Colombia is known for its picturesque villages but few are more vibrant and lovingly-decorated than the little town of Guatape.
This small Andean village in Antioquia, northwest Colombia, takes pride in its houses, which are painted in every color and adorned with paintings of plants, animals and references to local culture.
Guatape sits on the shores of the vast Peñol-Guatapé Reservoir, a man-made lake that adds to the town’s scenic atmosphere and is close to the giant Piedra del Peñol, a climbable granite stone that offers spectacular views of the surrounding area.
Here we explain the history of Guatape and why it’s a must-visit:
Before the Iberian conquerors reached the Antioquia area in the sixteenth century, this part of Colombia was inhabited by indigenous groups, and ruled by a leader known as “Guatape”, which is the origin of the town’s name.
Guatape means “stones and water” in Quechua.
The town was officially founded on October 4, 1811, and has evolved politically and economically throughout the years. It was once a farming village with an economy dependent on agriculture and mining activities.
In the 1970s, a large hydroelectric complex was built nearby, including the Punchiná Dam, which helped Guatape develop and led to the formation of its stunning scenery.
As well as being a big draw for tourists, the town has since become one of the most important electric production centers in the country.
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>This 220 meter-high rock, just two kilometers from Guatape, is an imposing sight and hundreds of visitors set out every day to try and make their way to the top.
If you want to enjoy the best views of the surrounding area you will have to earn it and climb the 740 numbered steps to the summit, where you’ll be rewarded with a viewing spot with excellent views of the lake and its tiny islands.
Halfway through the climb visitors will also see a shrine to the Virgin Mary, and there are souvenir shops selling traditional handicrafts as well as a popular local restaurant.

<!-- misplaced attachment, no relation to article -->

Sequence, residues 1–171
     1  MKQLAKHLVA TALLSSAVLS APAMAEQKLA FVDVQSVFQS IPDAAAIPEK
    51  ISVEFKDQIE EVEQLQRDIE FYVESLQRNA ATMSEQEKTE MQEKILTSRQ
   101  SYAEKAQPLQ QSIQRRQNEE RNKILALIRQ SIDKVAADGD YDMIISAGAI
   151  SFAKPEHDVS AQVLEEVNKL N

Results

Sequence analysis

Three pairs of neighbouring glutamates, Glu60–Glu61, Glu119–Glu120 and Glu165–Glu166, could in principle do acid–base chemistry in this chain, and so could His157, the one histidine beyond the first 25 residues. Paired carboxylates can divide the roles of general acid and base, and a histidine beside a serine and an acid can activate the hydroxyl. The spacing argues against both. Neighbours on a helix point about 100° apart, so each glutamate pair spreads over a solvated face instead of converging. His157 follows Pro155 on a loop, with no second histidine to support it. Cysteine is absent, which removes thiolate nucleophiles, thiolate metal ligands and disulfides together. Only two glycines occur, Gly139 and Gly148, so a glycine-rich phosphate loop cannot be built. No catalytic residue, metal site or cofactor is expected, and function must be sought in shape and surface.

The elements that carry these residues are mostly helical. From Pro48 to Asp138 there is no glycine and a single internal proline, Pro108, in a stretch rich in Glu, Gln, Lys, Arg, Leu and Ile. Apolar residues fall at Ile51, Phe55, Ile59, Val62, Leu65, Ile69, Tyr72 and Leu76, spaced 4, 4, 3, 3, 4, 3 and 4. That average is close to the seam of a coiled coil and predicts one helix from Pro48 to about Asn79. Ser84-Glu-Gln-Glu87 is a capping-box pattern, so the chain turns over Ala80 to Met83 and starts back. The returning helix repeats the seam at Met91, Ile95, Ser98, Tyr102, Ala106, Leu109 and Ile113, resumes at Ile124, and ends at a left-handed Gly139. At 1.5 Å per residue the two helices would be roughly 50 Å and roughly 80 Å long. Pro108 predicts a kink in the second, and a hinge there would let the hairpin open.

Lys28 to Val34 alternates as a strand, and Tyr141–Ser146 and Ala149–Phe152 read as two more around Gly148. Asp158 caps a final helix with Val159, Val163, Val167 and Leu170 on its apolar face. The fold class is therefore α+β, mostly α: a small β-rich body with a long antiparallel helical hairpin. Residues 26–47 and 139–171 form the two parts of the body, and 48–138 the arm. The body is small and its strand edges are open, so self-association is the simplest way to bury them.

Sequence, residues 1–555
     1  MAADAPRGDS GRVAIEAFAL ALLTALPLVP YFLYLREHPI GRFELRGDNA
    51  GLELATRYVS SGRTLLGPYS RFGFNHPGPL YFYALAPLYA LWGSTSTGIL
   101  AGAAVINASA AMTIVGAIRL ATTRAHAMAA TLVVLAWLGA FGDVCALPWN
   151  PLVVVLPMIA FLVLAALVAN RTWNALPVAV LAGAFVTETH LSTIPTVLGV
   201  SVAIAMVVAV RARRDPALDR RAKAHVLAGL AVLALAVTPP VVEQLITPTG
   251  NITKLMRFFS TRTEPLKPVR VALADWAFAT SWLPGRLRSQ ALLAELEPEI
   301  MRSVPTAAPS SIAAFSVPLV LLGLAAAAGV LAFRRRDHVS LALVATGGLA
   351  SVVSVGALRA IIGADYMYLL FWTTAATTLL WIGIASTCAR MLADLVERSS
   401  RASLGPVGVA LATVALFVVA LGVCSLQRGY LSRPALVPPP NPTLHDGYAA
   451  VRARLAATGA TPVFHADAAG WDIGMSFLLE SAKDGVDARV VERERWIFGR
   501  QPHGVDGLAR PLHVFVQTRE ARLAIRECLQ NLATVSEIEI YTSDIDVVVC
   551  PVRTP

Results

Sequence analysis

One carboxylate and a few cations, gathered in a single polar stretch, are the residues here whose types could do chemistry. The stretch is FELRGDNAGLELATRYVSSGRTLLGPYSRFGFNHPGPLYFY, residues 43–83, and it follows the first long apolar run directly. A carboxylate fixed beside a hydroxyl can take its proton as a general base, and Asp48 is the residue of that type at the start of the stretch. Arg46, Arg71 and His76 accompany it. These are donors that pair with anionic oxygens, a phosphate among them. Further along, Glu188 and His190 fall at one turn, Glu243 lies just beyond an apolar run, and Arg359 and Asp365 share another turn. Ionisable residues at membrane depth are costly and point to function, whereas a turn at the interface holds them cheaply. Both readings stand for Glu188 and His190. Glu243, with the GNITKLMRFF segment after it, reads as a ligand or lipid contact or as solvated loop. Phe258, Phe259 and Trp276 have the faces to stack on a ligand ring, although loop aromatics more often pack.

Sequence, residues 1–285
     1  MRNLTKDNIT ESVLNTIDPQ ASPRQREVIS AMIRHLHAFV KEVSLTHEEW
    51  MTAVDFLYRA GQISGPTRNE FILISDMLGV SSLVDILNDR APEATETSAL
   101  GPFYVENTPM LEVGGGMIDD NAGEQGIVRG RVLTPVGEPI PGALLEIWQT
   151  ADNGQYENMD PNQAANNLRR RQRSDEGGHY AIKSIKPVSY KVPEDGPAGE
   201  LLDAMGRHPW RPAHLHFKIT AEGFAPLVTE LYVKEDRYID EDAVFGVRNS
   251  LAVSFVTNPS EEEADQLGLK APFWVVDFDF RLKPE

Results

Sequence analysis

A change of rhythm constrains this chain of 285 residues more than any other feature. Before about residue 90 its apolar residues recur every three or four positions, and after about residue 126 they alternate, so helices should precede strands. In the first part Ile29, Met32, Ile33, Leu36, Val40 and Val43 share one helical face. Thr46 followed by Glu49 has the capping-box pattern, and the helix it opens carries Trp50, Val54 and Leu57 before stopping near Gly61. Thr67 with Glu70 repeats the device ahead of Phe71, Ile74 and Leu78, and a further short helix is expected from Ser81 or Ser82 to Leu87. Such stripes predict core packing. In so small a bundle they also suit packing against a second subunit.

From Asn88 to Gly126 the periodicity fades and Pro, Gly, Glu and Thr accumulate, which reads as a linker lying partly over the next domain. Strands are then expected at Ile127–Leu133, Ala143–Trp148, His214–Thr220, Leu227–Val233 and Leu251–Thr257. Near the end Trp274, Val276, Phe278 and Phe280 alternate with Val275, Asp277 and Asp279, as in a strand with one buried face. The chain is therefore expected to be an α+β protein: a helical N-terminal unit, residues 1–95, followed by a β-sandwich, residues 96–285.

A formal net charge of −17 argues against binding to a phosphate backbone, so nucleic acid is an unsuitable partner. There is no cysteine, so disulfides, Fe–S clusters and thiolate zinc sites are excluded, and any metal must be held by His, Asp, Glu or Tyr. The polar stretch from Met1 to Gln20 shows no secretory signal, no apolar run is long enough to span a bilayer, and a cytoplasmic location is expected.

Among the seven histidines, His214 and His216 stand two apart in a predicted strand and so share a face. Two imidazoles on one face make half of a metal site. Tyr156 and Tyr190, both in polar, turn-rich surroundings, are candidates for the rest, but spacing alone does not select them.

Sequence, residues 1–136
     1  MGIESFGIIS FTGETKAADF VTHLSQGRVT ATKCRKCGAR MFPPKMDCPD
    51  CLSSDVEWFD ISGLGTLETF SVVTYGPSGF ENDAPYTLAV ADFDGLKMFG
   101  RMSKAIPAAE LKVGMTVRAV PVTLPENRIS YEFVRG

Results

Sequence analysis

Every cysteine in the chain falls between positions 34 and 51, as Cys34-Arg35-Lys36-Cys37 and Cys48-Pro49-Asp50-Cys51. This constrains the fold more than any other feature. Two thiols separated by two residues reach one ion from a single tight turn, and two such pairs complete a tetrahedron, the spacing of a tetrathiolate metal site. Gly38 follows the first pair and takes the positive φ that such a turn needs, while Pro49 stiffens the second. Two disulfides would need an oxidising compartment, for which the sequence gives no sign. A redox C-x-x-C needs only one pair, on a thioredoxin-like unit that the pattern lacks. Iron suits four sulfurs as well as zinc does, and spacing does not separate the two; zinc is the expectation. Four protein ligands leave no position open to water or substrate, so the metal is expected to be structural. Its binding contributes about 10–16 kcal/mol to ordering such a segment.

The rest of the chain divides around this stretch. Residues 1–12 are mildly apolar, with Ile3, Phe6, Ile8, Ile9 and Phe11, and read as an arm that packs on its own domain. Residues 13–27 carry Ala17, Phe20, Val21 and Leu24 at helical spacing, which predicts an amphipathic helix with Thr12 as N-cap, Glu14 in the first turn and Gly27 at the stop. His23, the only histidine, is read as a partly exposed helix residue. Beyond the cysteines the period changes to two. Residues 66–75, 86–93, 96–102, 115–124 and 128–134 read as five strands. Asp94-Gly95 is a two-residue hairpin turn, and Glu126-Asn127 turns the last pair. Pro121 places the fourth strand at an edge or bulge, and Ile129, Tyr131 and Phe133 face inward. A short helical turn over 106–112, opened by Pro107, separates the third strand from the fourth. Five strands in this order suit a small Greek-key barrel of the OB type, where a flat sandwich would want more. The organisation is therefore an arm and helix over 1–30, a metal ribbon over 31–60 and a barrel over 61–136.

The Peñón de Guatape is estimated to be around 65 million years-old and was worshipped by the Tahamí, the indigenous group that once inhabited the region. They referred to the stone in their language as ‘mojarrá’ or ‘mujará’.
The rock became such a significant landmark that it was declared a national monument by the Colombian government in the 1940s and, in the 1950s, the first recorded climb was made, when three climbers, Luis Eduardo Villegas López, Pedro Nel Ramírez, and Ramón Díaz, took five days to summit using sticks attached to the rock’s wall.
A new species of plant, Pitcairnia heterophylla, was later found on top.
Fuente: Viajeros ocultos
Once you’ve warmed up your muscles by climbing the La Piedra del Peñón steps, consider trying some of the different sports available in the area.
There is something for everyone, from those intent on adventure sports to those who prefer something a little more peaceful that offers scenic views.
The tiny islands on Peñol-Guatapé Reservoir are one of its most distinctive aspects, and can best be explored by kayaking, canoeing and paddle boarding.
There are also great opportunities to spend a day or two sailing on the lake, as well as the chance for the adventurous visitors to go wake-boarding and water-skiing.
Some visitors opt to go rappelling down one of the nearby waterfalls, while others choose to go on a hike and admire the local wildlife.
If the air is more your style, consider hang-gliding or paragliding to enjoy a birds-eye view of Guatape, the Peñón de Guatape and the reservoir that surrounds them.
Guatape is famous for its brightly-painted murals, known as ‘zocalos’ and it is well worth taking some time to explore them.
The murals are found on the lower parts of the town’s homes and buildings and, as well as offering charming depictions of local life, many have hidden meanings related to a local product or the beliefs of the person who lives in the property.
Others relate the flora and fauna of the nearby area or pay homage to the town’s agricultural past.
All of the zocalos are eye-catching and make for excellent photographs.
Is found in the heart of the Colombian coffee district. You travel east from Medellin to Guatape and, of course, no trip would be complete without a delicious cup of Colombian coffee.
Head out early in the morning to the small central square called Plaza de los Zocalos, and enjoy your coffee in the fresh air and sunshine, surrounded by the kaleidoscope of color that is so central to this small town’s identity.
Take the bus from Medellin’s Terminal del Norte. It takes about two hours.
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